Image Processing Reference

In-Depth Information

differentials, and the space-frequency analysis has been proposed in [25]. Chen

combined the detection of contextual and local discontinuities for preservation of fea-

tures during adaptive smoothing of image [34]. These quantities have been detected

via the inhomogeneity and the local spatial gradient, respectively.

Bilateral filter is another edge-preserving non-linear filter. The kernel of bilat-

eral filter is a product of the spatial domain kernel, and the range (or intensity)

domain kernel [175]. The filtering operation, thus, weighs the closeness in intensity

along with conventional spatial closeness. Therefore, the filtered images preserve

edges which are characterized by dissimilar intensity contents. The SUSAN filter

developed by Smith and Brady [169] is similar to bilateral filter which operates in

the brightness and spatial domains for the purpose of edge detection, and thus, the

structure-preserving noise reduction.

It may be noted that the aforementioned three approaches toward the edge pre-

serving smoothing described in [130, 156, 175] are related to each other [11]. The

relation between anisotropic diffusion and adaptive smoothing has been discussed

[11]. It has also been shown that the extension of adaptive smoothing results in a

bilateral filter. The next section describes the bilateral filter in detail.

3.3 Basics of Bilateral Filter

Bilateral filter was introduced by Tomasi and Manduchi [175]. This filter combines

the pixel intensities for fusion based on their geometric as well as photometric close-

ness. The closeness of two pixels can be related to
(i)
nearby spatial location, and
(ii)

similar intensity/color values which are possibly useful in human perception. The

basic idea behind bilateral filter is to employ an additional filtering kernel in range

domain similar to a traditional filtering kernel in the spatial domain. The spatial

domain filtering used in bilateral filter is essentially similar to the traditional filtering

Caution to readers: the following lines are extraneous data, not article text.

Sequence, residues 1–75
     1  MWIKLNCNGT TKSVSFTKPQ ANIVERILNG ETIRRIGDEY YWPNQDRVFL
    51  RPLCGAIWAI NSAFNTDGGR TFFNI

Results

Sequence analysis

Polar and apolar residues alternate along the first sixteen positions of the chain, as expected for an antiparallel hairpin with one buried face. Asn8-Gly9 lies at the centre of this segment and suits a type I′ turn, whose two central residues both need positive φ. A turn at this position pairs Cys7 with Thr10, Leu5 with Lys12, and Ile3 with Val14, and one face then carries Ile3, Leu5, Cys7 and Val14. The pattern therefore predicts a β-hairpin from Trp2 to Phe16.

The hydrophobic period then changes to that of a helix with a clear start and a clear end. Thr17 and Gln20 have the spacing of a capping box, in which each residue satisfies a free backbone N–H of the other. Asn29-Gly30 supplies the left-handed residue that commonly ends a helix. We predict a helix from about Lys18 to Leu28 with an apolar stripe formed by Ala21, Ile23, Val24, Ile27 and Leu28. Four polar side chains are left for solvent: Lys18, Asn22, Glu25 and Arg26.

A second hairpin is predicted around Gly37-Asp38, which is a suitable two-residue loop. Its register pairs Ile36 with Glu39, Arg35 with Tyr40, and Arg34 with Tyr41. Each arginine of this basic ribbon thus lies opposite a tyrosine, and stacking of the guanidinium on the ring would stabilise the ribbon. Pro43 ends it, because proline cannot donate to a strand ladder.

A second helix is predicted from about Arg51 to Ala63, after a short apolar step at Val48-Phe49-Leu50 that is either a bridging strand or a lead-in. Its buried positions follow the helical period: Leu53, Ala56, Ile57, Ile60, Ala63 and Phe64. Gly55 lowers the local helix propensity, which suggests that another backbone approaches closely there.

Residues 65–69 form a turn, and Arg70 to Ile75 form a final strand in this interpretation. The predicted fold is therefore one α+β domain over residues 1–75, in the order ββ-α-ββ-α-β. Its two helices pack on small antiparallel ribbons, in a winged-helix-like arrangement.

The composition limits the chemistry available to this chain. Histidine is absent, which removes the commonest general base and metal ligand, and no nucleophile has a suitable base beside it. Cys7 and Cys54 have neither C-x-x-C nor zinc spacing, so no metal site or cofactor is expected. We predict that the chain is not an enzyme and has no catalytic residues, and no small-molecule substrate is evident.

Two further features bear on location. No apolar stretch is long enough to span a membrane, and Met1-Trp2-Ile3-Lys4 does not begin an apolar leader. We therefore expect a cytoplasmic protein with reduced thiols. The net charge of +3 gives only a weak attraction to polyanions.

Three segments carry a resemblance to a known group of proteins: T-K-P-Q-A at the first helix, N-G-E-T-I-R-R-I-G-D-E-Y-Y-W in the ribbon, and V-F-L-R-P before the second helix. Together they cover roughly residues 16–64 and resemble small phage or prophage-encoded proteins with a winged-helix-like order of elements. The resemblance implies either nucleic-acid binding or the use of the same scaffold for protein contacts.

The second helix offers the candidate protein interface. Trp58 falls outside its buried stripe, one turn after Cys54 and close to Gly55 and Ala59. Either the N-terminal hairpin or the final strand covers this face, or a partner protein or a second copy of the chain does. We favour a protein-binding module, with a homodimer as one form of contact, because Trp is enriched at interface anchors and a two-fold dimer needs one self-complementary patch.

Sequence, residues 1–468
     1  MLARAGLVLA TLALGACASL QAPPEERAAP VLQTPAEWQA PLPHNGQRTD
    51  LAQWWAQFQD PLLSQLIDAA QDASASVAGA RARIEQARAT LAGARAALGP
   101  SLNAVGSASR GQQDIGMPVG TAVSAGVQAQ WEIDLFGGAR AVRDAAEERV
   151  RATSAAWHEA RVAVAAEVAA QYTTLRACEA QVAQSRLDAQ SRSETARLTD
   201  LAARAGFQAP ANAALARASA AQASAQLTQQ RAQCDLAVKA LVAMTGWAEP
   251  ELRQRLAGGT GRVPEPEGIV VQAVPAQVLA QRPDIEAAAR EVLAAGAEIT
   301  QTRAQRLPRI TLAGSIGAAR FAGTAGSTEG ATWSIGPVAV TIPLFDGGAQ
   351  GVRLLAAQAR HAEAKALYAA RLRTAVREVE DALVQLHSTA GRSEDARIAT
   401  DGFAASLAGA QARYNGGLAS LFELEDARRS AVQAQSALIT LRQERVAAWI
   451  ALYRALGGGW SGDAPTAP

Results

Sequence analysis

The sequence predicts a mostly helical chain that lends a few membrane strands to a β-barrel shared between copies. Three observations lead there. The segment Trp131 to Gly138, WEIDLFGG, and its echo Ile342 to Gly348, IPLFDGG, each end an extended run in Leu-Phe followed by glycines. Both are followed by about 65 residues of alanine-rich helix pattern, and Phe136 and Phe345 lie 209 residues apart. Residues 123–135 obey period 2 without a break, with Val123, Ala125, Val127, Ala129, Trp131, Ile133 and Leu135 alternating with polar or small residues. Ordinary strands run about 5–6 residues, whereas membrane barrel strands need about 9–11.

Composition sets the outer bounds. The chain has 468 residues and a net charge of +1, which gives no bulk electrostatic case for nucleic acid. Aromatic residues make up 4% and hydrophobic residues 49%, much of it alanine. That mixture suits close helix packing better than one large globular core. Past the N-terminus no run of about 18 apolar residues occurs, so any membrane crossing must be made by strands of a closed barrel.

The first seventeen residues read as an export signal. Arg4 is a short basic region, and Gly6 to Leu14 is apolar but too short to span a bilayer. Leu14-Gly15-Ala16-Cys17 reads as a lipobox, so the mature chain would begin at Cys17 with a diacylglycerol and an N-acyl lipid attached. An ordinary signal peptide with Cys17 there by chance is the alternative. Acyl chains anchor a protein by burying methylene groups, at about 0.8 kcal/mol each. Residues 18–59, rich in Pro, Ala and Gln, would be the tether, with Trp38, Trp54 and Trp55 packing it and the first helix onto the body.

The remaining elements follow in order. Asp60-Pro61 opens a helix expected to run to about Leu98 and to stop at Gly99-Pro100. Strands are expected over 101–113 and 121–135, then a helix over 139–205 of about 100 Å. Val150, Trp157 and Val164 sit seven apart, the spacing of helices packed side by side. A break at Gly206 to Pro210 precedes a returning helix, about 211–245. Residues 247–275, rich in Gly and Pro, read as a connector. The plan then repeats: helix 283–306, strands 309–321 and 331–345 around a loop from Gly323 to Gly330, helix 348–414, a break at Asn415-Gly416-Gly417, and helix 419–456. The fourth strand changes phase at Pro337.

where the weights decay as one moves away from the pixel under consideration. In

the range domain filtering, the weights decay with the dissimilarity in the intensities.

That is, the weights are somewhat inversely proportional to the difference in the

intensities. If the intensities of two neighboring pixels are very different, these pixels

are likely to be parts of two different objects in the scene. These pixels, although may

lie spatially close to each other, should not have much influence during the smoothing

operation. This makes the filtering operation edge preserving, and eliminates only

the finer textures while smoothing.

For an image
I

to be processed using a bilateral filter, let
G
σ
S
be theGaussian

spatial kernel similar to the traditional Gaussian filter. The spatial extent of the kernel

is decided by the value of

(

x

,

y

)

σ
S
, the filter operates over

a larger neighborhood of the pixel to be filtered, and more is the smoothing. Let
G
σ
R

be the Gaussian range kernel where

σ
S
. Higher the spread parameter

σ
R
decides how the difference in the intensities of

the pixels gets converted into the fusion weight. If two pixels are parts of dissimilar

regions, then these regions are probably separated by an edge. The range kernel

parameter

σ
R
helps quantifying the strength of the edge in order to compute the